The company's broker forecasts full-year profits of pounds 3-4m, leapfrogging to pounds 10m next year. Yet the price-earnings ratio of over 70 is about four times the sector average.
For scholars of blue-sky stocks Tadpole is an interesting study. Unlike many technology tiddlers it already has successful products. These include the highly-regarded Sparcbook portable workstation and the equivalent it is making for its 10 per cent shareholder IBM. Sales revenues are likely to grow significantly.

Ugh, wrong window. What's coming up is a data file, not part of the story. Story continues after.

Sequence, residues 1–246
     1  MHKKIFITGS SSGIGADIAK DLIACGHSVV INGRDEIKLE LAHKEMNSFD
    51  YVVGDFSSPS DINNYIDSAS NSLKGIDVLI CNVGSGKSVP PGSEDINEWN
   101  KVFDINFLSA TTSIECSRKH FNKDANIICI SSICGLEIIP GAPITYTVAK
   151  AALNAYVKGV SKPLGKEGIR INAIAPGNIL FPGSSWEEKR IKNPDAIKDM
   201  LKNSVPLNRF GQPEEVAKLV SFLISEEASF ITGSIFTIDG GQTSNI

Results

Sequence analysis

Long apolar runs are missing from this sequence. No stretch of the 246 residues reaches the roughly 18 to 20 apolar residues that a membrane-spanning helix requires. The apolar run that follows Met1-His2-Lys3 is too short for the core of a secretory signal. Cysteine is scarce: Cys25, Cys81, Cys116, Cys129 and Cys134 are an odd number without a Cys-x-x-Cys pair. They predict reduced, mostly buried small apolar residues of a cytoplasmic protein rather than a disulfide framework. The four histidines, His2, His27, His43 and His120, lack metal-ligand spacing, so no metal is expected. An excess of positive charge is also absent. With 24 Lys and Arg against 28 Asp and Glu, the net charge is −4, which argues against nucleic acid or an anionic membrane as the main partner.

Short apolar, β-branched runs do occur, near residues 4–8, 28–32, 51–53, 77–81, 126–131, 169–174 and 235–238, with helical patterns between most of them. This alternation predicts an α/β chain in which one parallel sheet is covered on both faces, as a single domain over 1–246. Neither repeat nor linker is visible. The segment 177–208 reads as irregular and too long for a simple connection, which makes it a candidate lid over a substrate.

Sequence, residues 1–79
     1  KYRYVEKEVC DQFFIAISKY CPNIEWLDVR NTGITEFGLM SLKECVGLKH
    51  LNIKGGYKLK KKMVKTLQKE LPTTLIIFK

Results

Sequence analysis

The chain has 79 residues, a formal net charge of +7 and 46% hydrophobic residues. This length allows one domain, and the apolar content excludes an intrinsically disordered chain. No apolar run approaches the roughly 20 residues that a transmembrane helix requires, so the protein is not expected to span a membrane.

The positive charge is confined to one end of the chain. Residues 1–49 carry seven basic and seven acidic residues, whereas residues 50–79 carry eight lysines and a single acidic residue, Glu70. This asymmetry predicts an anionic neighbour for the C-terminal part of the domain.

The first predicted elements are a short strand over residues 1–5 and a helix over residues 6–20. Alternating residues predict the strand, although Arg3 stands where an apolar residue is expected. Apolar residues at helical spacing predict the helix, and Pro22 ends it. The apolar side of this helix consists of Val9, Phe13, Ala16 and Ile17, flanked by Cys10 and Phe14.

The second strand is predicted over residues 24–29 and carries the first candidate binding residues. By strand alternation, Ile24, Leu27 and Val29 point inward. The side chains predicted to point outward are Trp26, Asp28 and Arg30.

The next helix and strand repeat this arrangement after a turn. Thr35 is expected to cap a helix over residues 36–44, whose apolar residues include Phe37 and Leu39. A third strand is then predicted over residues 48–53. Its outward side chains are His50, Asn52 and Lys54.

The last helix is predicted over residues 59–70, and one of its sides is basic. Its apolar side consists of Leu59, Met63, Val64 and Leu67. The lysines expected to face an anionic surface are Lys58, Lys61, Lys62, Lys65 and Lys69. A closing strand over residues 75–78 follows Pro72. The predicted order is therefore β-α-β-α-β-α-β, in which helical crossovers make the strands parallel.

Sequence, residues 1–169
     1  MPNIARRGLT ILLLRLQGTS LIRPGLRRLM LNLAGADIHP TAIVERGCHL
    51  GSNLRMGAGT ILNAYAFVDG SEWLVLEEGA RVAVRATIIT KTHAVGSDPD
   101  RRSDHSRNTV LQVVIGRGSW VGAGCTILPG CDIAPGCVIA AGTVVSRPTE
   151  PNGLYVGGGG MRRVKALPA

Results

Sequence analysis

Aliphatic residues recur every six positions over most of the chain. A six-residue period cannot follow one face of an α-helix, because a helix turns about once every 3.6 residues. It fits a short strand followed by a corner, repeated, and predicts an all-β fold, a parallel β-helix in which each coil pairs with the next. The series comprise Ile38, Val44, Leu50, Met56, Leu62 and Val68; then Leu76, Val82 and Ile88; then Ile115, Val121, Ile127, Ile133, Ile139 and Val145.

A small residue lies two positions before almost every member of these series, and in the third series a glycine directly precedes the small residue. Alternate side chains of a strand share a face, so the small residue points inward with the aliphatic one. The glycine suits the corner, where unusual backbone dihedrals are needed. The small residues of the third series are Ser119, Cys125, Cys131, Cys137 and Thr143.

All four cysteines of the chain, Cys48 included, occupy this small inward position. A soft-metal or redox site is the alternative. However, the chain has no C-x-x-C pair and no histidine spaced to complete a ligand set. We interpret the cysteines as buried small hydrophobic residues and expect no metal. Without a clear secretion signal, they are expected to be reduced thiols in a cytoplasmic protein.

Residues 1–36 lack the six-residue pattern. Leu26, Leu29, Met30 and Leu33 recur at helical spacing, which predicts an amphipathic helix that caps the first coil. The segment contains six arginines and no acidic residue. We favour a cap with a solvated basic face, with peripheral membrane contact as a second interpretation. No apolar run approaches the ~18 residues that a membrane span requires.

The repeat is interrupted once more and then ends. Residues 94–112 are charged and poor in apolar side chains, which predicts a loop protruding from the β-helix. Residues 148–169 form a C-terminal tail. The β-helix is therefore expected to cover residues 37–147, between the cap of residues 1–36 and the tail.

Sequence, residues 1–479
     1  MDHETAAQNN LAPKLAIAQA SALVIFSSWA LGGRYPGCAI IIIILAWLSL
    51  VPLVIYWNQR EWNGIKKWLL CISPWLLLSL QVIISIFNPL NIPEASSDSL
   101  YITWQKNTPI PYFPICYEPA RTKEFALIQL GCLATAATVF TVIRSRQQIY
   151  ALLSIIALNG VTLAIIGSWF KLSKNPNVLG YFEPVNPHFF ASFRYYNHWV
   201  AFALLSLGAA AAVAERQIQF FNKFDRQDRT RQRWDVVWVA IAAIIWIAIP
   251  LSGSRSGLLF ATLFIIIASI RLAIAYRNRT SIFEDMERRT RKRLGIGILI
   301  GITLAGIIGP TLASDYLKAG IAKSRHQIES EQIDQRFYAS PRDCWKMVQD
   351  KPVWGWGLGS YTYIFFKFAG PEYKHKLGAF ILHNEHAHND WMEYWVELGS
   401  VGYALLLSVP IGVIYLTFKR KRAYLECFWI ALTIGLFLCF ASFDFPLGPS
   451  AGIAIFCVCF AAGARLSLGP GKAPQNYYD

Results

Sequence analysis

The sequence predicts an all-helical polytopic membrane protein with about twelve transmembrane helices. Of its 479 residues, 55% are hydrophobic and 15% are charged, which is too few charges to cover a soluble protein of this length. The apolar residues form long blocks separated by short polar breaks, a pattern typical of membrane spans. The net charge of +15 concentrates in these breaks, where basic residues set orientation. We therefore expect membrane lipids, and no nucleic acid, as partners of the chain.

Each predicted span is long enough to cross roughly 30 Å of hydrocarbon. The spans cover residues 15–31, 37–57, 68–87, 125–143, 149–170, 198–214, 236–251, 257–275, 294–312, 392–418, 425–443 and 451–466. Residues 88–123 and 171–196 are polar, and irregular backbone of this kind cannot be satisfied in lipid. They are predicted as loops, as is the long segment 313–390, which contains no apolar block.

Tadpole also has production relationships with IBM and Sun Microsystems, the world leader in workstations, and a new product development agreement with Digital Equipment Corporation.
Successful mating with prestigious partners is a useful sign that there is nothing obviously wrong with a small technology company and can be a far more positive signal.
A small firm in a skill-intensive business is likely to have some difficulty managing its growth. Yet Tadpole's main drawback for prospective investors is that the shares already trade at such a high rating.
The company's plans to seek a US listing on Nasdaq later this year could just outweigh this, since American investors tend to be even more enthusiastic about blue-sky stocks than the British.Reuse content